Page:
Intended for healthcare professionals

Rapid response to:

Observations Body Politic

A discriminating judgment

BMJ 2008; 337 doi: (Published 14 July 2008) Cite this as: BMJ 2008;337:a809

Rapid Response:

Age discrimination

There is age discrimination if you enter St. Paul's Cathedral or get
a Senior Citizen's discount at a London Theatre ticket office or on a
British Railway train.

It is a privilege that doctors over 65 years are given a discount for
being "registrants" of or subscribers to the General Medical Council and
are relieved from paying any more money. This also goes for the British
Medical Association and at one time doctors over a certain age would
become "Honorary Members" of the Medical Defence Union and Medical
Protection Society.

A good number of British-born and bred doctors who are so registered
are not on pensions, you know. Very many have spent their lives gaining
great experience abroad and are quite surprised they are regarded by the
NHS uncivil non-medical servants as "pariah". They just "don't fit in" to
their concept of a socialist medical service.

At age 65 a General Practitioner is usually a very experienced
doctor. That is, if daily he has seen very many patients, as they come,
and not by slow delayed appointments.

These doctors are no longer wanted. Not even as Locums. Their possible
contribution is not even questioned by a Medical Officer, about their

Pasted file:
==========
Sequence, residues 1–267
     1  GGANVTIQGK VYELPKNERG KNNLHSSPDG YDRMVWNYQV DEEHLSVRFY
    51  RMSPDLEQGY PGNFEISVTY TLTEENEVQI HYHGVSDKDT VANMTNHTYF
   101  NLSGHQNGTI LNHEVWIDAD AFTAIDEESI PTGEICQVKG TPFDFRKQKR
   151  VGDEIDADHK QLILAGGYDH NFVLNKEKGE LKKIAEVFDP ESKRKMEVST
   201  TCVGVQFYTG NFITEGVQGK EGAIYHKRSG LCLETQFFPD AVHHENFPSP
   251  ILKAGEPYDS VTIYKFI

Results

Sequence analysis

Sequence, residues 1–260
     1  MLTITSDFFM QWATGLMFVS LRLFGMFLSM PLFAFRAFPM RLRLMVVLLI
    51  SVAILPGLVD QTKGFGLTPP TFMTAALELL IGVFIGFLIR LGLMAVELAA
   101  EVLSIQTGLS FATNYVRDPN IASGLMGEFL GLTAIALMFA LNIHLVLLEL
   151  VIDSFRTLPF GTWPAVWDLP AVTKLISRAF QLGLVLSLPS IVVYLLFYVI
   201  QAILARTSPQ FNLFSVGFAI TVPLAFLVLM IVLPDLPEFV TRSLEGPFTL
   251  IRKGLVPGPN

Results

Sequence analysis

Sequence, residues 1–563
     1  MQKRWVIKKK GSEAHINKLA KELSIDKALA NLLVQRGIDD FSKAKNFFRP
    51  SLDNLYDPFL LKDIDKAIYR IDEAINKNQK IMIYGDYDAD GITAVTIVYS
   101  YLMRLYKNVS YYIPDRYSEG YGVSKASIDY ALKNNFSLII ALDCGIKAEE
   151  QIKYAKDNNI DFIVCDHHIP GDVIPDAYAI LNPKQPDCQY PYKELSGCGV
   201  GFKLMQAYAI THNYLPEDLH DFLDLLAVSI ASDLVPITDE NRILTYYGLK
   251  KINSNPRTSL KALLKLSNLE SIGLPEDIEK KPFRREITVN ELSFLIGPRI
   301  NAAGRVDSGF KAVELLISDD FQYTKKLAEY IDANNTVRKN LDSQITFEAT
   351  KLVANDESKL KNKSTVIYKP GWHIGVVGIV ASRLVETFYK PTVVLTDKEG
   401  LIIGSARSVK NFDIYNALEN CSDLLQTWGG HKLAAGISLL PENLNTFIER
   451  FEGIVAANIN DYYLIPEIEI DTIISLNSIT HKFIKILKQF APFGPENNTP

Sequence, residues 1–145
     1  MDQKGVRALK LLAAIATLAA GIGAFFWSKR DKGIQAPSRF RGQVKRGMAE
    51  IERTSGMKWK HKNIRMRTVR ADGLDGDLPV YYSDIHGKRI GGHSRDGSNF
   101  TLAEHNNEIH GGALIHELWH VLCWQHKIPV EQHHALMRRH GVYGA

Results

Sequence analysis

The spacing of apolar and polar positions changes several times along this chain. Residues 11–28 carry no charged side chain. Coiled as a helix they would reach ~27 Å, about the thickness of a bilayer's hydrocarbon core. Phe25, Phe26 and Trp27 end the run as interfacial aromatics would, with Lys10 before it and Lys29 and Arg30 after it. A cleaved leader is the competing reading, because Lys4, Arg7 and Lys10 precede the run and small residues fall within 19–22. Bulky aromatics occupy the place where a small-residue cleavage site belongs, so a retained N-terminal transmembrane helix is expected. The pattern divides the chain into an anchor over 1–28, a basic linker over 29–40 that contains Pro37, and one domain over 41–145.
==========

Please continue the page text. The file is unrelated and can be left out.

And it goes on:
experience, their greater or lesser ability but are presented by "an
officer" with a large booklet on "How to be a doctor!" and told they then
must undergo further training.

Since the General Medical Council now seems to have a preponderance
of legal opinion on its Board, (or is it now "A Court"?) some such member
has found another interpretation of the wording of the 1983 Medical Act
and has acted too precipitately.

"There should be no Age Discrimination" but this surely related to
ability and the right to practise medicine. Nothing to do with Honorary
positions within that Council.

It then only needs a small "codicil" or added explanation and the
whole matter can be put aside.

Doctors have earned their "honorary position" have they not? How
can they be "struck off" so arbitrarily without having committed any
offence? Quite frankly, it becomes defamatory and surely actionable? Let
us have a legal opinion on that if they want something to do.

Graeme Catto's new General Medical Council is entitled to have Legal
Opinion, but it should be staffed surely by doctors, not half by lawyers.
There would seem to be a preponderance of the latter on board.

Lawyers have rarely been doctors' friends so watch out. They'll take

Cave canem!

Competing interests:
None declared

Competing interests: No competing interests

05 September 2008
31 BALMORAL PARK, #18-33